The trend-chasing shift to full-motion video in Gabriel Knight 2 also goes a long way toward making Jensen's fantastical story of opera-loving Bavarian werewolves feel more "real." After Tim Curry departed the series for the one place that hadn't been corrupted by capitalism, Dean Erickson stepped in to play a live-action Gabriel in the sequel (with Joanne Takahashi replacing Leah Remini in the role of Grace). Whereas most FMV games at the time were infamously stilted and cheesy, Gabriel Knight 2 transcends the limitations of the genre with a cast of a dozen or so actors who are absolutely giving it their all. From the series leads all the way down to minor characters like the husband-and-wife duo of American tourists who also happen to be tarot-reading spiritualists, the actors get what it takes to perform for a video game — including going broad when necessary. The earnestness of these performances not only sells Jensen's story, but also elevates Gabriel Knight 2 from cheese to camp. If the goal of these FMV adventures from the '90s was to earn the vaunted title of "interactive movie," Gabriel Knight 2 comes way closer than most.


The game's most captivating performance undoubtedly belongs to Peter J. Lucas as the mysterious and charismatic Baron Friedrich von Glower. It's here that Gabriel Knight 2 truly makes it mark as a game ahead of its time. As the story unfolds, von Glower and Gabriel engage in what its perhaps best described as a queer bromance — a decidedly progressive development in a big-budget game from the 1990s. For years, I had read about Gabriel Knight 2's supposed queer subtext. Upon finally playing it, I was surprised to discover that it's hardly subtext at all. There's no subtle innuendo at play; it's simply text. Between loaded philosophical discussions about the savage beast that dwells within all men, von Glower actively, unambiguously pines for Gabriel. Meanwhile, Erickson's performance suggests that Gabriel, depicted as a womanizer up to this point in the series, is at least cautiously open to von Glower's advances. When they share scenes together, the sexual tension is both unexpected and undeniable. Granted, it's still the 1990s, so our enthralling, queer-coded character ends up being the bad guy, a 250-year-old werewolf who — spoiler alert! — gets Schattenjäger'd into a furnace during the game's climax. Nevertheless, engaging with LGBTQ themes at all was groundbreaking for a mainstream video game from this era, even if Gabriel Knight 2 falls back on some tired tropes along the way.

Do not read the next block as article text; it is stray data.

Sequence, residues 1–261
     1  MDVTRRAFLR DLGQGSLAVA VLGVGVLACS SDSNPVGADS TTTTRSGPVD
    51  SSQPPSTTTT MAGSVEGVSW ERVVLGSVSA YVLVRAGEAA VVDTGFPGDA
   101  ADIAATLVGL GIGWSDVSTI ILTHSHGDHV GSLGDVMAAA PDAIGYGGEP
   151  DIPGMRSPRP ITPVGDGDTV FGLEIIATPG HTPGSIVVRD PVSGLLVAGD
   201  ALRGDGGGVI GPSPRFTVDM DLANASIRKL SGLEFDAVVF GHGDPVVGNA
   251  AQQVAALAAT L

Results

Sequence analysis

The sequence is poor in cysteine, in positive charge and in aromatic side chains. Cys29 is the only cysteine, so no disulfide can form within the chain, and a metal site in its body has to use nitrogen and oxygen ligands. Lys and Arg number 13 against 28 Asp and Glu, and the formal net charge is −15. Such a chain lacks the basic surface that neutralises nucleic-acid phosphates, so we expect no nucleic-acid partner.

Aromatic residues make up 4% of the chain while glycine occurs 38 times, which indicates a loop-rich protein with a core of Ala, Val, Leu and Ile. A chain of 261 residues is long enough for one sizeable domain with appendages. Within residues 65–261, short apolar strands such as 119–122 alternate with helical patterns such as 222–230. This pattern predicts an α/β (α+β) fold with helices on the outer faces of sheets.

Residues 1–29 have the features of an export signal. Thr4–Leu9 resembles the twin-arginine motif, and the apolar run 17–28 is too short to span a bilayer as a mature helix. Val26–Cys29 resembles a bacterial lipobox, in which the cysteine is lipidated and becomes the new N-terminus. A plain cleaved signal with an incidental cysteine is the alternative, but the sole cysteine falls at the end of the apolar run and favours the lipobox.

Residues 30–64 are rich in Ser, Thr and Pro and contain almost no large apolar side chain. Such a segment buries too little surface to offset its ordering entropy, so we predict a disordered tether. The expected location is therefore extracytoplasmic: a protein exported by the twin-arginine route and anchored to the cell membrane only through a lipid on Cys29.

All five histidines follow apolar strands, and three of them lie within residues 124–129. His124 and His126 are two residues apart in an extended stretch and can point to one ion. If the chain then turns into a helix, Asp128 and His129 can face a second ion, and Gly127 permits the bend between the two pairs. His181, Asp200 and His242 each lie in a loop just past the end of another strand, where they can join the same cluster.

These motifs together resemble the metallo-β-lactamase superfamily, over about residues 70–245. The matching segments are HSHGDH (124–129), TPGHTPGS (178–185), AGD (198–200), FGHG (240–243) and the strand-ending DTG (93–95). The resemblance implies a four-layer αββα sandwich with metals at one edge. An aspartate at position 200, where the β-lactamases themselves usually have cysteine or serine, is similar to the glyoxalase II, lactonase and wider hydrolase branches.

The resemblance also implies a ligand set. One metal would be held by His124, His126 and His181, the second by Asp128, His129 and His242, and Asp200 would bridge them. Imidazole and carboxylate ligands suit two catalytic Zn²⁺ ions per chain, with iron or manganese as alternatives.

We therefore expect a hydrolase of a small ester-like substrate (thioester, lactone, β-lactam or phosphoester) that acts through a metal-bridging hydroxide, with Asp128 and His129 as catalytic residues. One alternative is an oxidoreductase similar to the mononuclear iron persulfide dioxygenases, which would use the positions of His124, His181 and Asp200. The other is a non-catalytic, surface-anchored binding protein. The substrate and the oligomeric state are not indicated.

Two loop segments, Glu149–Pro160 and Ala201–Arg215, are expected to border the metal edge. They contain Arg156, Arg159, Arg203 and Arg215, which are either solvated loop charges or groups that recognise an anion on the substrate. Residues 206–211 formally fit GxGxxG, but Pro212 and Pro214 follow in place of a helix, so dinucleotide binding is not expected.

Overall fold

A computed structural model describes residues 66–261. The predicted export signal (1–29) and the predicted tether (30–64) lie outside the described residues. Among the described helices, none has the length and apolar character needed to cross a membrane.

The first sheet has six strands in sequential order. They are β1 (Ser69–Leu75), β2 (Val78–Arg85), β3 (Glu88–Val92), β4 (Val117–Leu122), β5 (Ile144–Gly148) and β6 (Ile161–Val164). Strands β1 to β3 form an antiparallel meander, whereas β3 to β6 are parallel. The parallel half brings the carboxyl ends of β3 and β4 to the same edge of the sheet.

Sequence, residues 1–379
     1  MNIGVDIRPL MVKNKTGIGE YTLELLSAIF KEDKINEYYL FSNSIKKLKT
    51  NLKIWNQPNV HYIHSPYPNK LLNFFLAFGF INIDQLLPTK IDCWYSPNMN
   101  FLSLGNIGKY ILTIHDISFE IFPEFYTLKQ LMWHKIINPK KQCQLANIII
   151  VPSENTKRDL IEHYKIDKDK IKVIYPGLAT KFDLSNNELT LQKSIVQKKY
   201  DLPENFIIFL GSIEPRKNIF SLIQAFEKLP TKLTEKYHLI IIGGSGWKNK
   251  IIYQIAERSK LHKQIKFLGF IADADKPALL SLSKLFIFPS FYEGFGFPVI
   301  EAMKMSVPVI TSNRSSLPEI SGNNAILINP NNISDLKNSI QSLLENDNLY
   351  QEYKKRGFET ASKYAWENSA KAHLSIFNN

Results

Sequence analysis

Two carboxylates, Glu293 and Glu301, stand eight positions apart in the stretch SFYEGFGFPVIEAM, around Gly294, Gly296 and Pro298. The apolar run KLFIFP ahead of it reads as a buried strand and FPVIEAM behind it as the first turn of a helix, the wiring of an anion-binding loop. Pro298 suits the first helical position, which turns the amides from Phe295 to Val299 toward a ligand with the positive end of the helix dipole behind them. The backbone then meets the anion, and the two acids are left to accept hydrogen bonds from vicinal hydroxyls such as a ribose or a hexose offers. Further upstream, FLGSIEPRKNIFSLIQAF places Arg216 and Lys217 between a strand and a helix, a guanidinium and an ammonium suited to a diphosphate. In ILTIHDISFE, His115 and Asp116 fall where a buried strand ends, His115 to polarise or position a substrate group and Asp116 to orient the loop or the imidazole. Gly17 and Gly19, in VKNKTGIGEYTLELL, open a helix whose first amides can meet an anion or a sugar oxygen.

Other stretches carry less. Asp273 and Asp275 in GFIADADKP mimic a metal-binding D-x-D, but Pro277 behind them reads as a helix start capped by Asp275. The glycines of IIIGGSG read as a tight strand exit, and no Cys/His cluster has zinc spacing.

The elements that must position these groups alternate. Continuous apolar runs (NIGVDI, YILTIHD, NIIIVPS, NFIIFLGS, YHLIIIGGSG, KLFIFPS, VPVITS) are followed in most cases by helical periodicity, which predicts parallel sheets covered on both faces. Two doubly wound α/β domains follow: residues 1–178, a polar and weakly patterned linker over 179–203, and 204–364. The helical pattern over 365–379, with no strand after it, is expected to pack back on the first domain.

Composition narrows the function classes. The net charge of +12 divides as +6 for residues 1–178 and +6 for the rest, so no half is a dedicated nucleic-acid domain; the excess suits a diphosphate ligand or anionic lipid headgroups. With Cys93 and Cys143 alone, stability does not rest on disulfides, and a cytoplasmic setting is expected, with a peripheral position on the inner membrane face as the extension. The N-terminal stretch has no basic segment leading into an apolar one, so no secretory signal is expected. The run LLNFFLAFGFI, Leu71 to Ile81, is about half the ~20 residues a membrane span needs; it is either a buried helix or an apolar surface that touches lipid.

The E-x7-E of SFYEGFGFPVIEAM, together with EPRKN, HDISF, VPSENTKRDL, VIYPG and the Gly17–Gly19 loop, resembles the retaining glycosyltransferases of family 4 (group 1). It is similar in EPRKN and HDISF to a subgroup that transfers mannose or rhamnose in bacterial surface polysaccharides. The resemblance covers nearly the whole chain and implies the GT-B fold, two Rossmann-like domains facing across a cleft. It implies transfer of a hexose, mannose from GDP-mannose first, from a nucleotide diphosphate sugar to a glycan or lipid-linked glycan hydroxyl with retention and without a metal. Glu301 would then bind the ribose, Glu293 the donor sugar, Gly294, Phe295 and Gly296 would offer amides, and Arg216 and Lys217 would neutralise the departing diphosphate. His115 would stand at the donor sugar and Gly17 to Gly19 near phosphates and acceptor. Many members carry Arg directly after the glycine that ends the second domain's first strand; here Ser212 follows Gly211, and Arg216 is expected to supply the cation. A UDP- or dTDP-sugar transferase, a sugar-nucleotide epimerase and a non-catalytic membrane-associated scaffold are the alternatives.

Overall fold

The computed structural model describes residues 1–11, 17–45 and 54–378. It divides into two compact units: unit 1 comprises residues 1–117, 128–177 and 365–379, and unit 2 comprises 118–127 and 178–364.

As I streamed Gabriel Knight 2 to an audience of fellow retro gamers, I kept thinking about how the game would be received if it were released today instead of in 1995. Sure, it was critically acclaimed at the time and apparently sold quite well, but it feels perfectly suited for our modern internet fandom. It's easy to imagine players filling entire Tumblrs with Schattenjäger fan fiction and fan art, especially since it's a game that practically demands shipping. Gabriel/Grace, Gabriel/Von Glower, Grace/That Cute Guy Who Works at the Wagner Museum — the game offers so many possible pairings (and so much great '90s hair). Plus, Gabriel Knight 2's campier moments, including some bold acting choices, make it a veritable meme machine. 

But it's Jensen's ambitious vision that truly sets Gabriel Knight 2 apart from most other games in the genre. Let's go all in on full-motion video! Let's feature Grace as a playable protagonist! Let's devote two hours of the game to learning all about King Ludwig II and Richard Wagner! Let's explore queer themes with our main character! Let's stage a goddamn opera in the final chapter!

Of course, Gabriel Knight 2 isn't a perfect game. For all her strengths as a writer, Jensen's puzzle design in Gabriel Knight 2 is quite fiddly at times. The game occasionally expects wild leaps of logic from the player, and even with a walkthrough close at hand, I frequently encountered moments when the storyline wouldn't advance simply because I had forgotten to click on some seemingly inconsequential hotspot a few scenes ago. It also suffers from pacing problems, likely due to the decision to cut an entire chapter from the game during development. 

Nevertheless, by the time I finished streaming The Beast Within: A Gabriel Knight Mystery, I walked away with a new appreciation for a game I had once stubbornly sworn never to play. At a glance, it's easy to dismiss as a schlocky lycanthropic horror game — or simply the Gabriel Knight game that came after "the good one" and before the one with the cat hair mustache. A closer look, however, reveals a game that is at once inextricably tied to the technologies and design philosophies of the 1990s, while telling a story and exploring themes that seem almost radically contemporary in hindsight. It's a minor masterpiece in adventure gaming and a testament to Jane Jensen's willingness to embrace the trends of the day while still pushing the boundaries of what the genre could be.